Central Bank Governor Riad Salameh on Tuesday issued a memo asking banks to allow depositors with foreign currency accounts exceeding $5,000 in value to withdraw their savings in Lebanese pounds at the “market rate,” likely to signify 2,600 pounds to the dollar.
He had issued a similar memo in recent weeks related to accounts containing less than $5,000 each.
Salameh said he issued the memo “out of keenness on the public interest amid the current extraordinary circumstances that the country is going through,” noting that the resolution is valid for six months.
The memo says each bank would apply its own “measures and limits” in implementing the resolution.
A liquidity crisis had seen banks gradually restrict access to dollars and halt transfers abroad since late 2019, leading the value of the Lebanese pound to plummet on the black market.
For decades, the Lebanese pound has been used interchangeably with the dollar at a fixed exchange rate of 1,507 pounds to the greenback.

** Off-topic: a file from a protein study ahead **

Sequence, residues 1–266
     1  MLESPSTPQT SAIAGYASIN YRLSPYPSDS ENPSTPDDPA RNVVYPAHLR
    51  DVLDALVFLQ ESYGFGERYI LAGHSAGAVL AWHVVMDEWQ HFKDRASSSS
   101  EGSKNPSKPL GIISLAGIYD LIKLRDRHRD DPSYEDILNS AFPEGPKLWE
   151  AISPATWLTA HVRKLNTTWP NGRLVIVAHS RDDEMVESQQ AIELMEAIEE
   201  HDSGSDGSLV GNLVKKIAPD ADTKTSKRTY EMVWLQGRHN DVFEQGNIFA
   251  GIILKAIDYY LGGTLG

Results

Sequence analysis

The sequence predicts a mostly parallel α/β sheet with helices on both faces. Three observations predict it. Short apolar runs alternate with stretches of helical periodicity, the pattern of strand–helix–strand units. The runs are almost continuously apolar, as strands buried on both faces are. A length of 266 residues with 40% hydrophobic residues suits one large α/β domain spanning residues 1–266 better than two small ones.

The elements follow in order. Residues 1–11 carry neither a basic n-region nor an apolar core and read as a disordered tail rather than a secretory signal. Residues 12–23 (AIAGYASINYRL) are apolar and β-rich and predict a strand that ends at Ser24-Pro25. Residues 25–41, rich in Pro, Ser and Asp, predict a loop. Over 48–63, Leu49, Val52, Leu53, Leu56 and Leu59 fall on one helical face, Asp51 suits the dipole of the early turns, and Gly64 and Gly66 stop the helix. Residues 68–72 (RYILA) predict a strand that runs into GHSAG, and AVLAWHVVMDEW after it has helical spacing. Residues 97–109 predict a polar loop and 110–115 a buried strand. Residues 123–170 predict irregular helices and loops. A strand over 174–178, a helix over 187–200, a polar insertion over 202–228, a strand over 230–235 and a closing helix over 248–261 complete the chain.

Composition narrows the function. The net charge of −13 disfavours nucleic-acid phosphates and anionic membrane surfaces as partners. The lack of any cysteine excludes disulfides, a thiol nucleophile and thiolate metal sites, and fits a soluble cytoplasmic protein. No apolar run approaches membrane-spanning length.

A dollar is now worth more than 3,000 pounds on the black market and prices have shot up in recent months.
On March 30, banks suspended dollar withdrawals until the airport reopens, after authorities grounded flights to halt the spread of the novel coronavirus.
Those with dollar accounts had been frustrated at their inability to take out most of their cash to exchange it at a better rate from unofficial money changers, with some banks already capping withdrawals at as low as $400 a month.
Lebanese banks stand accused of transferring millions of dollars abroad while preventing others from doing so after the start of mass protests against the political elite last October.